To Francis Eppes
Monticello May 21. 16.
I send you, my dear Francis, a Greek grammar, the best I know for the use of schools. it is the one now most generally used in the United States. I expect you will begin it soon after your arrival at the New London academy. you might, while at home, amuse yourself with learning the letters, and spelling and reading the Greek words, so that you may not be stopped by that when mr Mitchell puts you into the grammar. I think you will like him, and old mr & mrs Dehavens, from the character I have of them. I am sure mr Mitchell will do every thing for you he can; and I have no fear that you will not do full justice to his instruction. but, while you endeavor, by a good store of learning, to prepare yourself to become an useful and distinguished member of your country you must remember that this can never be, without uniting merit with your learning. honesty, disinterestedness, and good nature are indispensable to procure the esteem and confidence of those with whom we live, and on whose esteem our happiness depends. never suffer a thought to be harbored in your mind which you would not avow openly. when tempted to do any thing in secret, ask yourself if you would do it in public. if you would not, be sure it is wrong. in little disputes with your companions, give way, rather than insist on trifles. for their love, and the approbation of others will be worth more to you than the trifle in dispute. above all things, and at all times, practice yourself in good humor. this, of all human qualities, is the most amiable and endearing to society. whenever you feel a warmth of temper rising, check it at once, and suppress it, recollecting it will make you unhappy within yourself, and disliked by others. nothing gives one person so great advantage over another, as to remain always cool and unruffled under all circumstances. think of these things, practice them &1 you will be rewarded by the love & confidence of the world. I have some expectation of being at Poplar Forest the 3d week of June, when I hope I shall see you going on2 cleverly, & already beloved by your tutor, curators, & companions as you are by your’s affectionately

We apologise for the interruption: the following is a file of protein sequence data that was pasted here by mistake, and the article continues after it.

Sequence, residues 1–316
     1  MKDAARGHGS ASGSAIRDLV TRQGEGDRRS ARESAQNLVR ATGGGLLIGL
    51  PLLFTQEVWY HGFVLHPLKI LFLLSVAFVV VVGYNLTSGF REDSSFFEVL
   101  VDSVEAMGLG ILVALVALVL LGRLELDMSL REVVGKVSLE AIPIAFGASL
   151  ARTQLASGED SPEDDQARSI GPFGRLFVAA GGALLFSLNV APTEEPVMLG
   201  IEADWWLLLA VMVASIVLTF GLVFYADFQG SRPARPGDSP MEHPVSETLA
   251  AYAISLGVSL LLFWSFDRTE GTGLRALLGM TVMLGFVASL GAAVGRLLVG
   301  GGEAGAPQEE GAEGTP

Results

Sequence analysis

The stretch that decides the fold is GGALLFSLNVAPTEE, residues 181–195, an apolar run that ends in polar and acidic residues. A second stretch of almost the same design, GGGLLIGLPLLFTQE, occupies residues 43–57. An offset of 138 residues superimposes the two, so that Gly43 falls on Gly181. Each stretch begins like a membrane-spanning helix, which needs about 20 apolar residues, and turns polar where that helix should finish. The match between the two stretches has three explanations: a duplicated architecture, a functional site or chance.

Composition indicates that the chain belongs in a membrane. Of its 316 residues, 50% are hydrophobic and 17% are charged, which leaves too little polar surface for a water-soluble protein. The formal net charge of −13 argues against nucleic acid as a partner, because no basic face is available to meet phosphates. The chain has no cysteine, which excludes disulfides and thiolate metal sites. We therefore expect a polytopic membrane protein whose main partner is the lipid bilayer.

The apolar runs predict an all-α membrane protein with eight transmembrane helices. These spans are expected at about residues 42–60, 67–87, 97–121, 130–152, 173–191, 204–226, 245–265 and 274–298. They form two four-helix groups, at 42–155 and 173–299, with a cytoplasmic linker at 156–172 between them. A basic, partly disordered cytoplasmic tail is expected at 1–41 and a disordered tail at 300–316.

RC (DLC). PoC (DLC); at head of text: “Francis Eppes”; endorsed by TJ.
The greek grammar has not been identified.
1. Remainder of PoC written on verso after removal from polygraph.
2. In PoC TJ here canceled “well.”
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